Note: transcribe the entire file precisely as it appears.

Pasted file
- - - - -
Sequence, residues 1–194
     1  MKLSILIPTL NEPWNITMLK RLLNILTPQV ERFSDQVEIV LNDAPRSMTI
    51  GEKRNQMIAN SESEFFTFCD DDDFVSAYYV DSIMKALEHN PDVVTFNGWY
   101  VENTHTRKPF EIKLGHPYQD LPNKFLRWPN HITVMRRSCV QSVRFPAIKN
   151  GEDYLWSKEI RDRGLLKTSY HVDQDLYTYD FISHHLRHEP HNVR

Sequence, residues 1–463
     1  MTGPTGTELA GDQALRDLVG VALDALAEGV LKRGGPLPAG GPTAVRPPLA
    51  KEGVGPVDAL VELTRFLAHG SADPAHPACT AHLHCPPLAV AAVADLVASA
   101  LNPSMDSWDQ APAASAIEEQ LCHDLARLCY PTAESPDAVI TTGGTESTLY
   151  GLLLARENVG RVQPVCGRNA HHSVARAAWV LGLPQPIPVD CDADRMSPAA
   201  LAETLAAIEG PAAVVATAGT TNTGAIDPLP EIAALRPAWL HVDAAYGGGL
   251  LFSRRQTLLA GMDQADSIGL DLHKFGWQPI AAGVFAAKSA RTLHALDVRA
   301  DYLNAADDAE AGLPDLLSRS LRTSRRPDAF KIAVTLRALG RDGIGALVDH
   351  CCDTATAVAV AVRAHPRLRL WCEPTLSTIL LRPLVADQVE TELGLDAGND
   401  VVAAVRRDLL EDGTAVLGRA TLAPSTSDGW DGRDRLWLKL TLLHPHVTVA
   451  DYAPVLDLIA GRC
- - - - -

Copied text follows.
Sequence, residues 1–194
     1  MKLSILIPTL NEPWNITMLK RLLNILTPQV ERFSDQVEIV LNDAPRSMTI
    51  GEKRNQMIAN SESEFFTFCD DDDFVSAYYV DSIMKALEHN PDVVTFNGWY
   101  VENTHTRKPF EIKLGHPYQD LPNKFLRWPN HITVMRRSCV QSVRFPAIKN
   151  GEDYLWSKEI RDRGLLKTSY HVDQDLYTYD FISHHLRHEP HNVR

Sequence, residues 1–463
     1  MTGPTGTELA GDQALRDLVG VALDALAEGV LKRGGPLPAG GPTAVRPPLA
    51  KEGVGPVDAL VELTRFLAHG SADPAHPACT AHLHCPPLAV AAVADLVASA
   101  LNPSMDSWDQ APAASAIEEQ LCHDLARLCY PTAESPDAVI TTGGTESTLY
   151  GLLLARENVG RVQPVCGRNA HHSVARAAWV LGLPQPIPVD CDADRMSPAA
   201  LAETLAAIEG PAAVVATAGT TNTGAIDPLP EIAALRPAWL HVDAAYGGGL
   251  LFSRRQTLLA GMDQADSIGL DLHKFGWQPI AAGVFAAKSA RTLHALDVRA
   301  DYLNAADDAE AGLPDLLSRS LRTSRRPDAF KIAVTLRALG RDGIGALVDH
   351  CCDTATAVAV AVRAHPRLRL WCEPTLSTIL LRPLVADQVE TELGLDAGND
   401  VVAAVRRDLL EDGTAVLGRA TLAPSTSDGW DGRDRLWLKL TLLHPHVTVA
   451  DYAPVLDLIA GRC